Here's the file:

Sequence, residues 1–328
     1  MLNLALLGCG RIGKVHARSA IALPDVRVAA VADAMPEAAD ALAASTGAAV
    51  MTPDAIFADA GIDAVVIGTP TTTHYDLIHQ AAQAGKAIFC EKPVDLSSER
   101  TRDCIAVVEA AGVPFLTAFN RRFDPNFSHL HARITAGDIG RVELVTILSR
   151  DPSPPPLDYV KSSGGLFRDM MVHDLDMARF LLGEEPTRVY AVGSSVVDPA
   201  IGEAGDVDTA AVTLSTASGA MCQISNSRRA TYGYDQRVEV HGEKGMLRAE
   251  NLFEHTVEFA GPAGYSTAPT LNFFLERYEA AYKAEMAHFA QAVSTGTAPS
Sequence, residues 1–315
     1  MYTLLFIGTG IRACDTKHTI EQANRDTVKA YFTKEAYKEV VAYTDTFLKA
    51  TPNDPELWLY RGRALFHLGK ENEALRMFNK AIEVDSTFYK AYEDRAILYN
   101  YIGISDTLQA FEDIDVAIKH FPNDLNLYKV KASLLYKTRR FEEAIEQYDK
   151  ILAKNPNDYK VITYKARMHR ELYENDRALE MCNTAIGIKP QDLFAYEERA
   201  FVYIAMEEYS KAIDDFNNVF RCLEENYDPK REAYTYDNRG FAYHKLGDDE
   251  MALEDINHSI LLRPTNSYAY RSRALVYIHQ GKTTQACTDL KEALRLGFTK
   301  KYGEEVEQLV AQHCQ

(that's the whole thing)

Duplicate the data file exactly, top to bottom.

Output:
Sequence, residues 1–328
     1  MLNLALLGCG RIGKVHARSA IALPDVRVAA VADAMPEAAD ALAASTGAAV
    51  MTPDAIFADA GIDAVVIGTP TTTHYDLIHQ AAQAGKAIFC EKPVDLSSER
   101  TRDCIAVVEA AGVPFLTAFN RRFDPNFSHL HARITAGDIG RVELVTILSR
   151  DPSPPPLDYV KSSGGLFRDM MVHDLDMARF LLGEEPTRVY AVGSSVVDPA
   201  IGEAGDVDTA AVTLSTASGA MCQISNSRRA TYGYDQRVEV HGEKGMLRAE
   251  NLFEHTVEFA GPAGYSTAPT LNFFLERYEA AYKAEMAHFA QAVSTGTAPS
Sequence, residues 1–315
     1  MYTLLFIGTG IRACDTKHTI EQANRDTVKA YFTKEAYKEV VAYTDTFLKA
    51  TPNDPELWLY RGRALFHLGK ENEALRMFNK AIEVDSTFYK AYEDRAILYN
   101  YIGISDTLQA FEDIDVAIKH FPNDLNLYKV KASLLYKTRR FEEAIEQYDK
   151  ILAKNPNDYK VITYKARMHR ELYENDRALE MCNTAIGIKP QDLFAYEERA
   201  FVYIAMEEYS KAIDDFNNVF RCLEENYDPK REAYTYDNRG FAYHKLGDDE
   251  MALEDINHSI LLRPTNSYAY RSRALVYIHQ GKTTQACTDL KEALRLGFTK
   301  KYGEEVEQLV AQHCQ